Huge concern over surge in mental health calls to NHS 24

Press release, Scotland news
05 January 2024

Calls to NHS 24 about psychosis symptoms have increased by 100% in two years, new research has found.

Figures by Scottish Labour from the NHS 23 Mental Health hub show that overall calls have declined but calls about psychosis and alcohol have increased dramatically.

The data obtained under the Freedom of Information Act showed problems such as alcohol addiction, poor sleep, psychotic symptoms, suicidal acts and suicidal thoughts increased.

Calls regarding alcohol problems have risen by more than 600 in two years with calls regarding psychotic symptoms more than doubling – by more than 5,000 – since 2021, when the reason for calling began to be recorded.

The statistics came after the Scottish Health Survey showed mental wellbeing is at a record low.

In 2021, a total of 1,282 calls related to alcohol, which increased by 47% in 2023, to 1,885 calls.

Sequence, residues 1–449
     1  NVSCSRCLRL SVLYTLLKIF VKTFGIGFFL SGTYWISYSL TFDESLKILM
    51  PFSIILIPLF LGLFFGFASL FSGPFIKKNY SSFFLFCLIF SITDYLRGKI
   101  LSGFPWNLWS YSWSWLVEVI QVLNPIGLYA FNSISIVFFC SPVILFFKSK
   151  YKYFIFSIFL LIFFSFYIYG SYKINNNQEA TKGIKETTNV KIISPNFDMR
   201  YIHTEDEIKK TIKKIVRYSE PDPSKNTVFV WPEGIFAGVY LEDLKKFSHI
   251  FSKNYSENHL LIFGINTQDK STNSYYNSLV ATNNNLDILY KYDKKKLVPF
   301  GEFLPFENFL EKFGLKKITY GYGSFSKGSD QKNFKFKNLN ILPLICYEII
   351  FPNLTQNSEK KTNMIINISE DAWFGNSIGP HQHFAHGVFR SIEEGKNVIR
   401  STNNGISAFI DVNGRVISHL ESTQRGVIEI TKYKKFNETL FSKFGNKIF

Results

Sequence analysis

In the same year, the NHS hub received 5,112 calls about psychotic symptoms, which increased to 10,259 in 2023 – an increase of 101%.

Dr Jane Morris, chair of the Royal College of Psychiatrists in Scotland, said:

“This is a huge concern to us – particularly the rise in calls involving psychotic symptoms which are potentially related to the most severe mental disorders.

“These illnesses need to be treated effectively and without delay but sadly these are the very conditions where we’re seeing the worst manpower shortages. It is no wonder the lack of service provision is leading to an increase in symptoms reported.”

She called on the Scottish Government to boost spending for mental health, adding:

“Again, we call on the Scottish Government to increase spending and keep their own promises of 10% of the total NHS spend going towards mental health and 1% for CAMHS.

“The £30m cut from the recent Scottish Budget must also be immediately restored as the toll on the mental health needs of all Scots simply cannot be ignored.”

Mental well-being minister Maree Todd said: “We’re committed to improving mental health service provision in primary care settings and focus more on prevention and early intervention in the community, providing high-quality mental healthcare in general practice.

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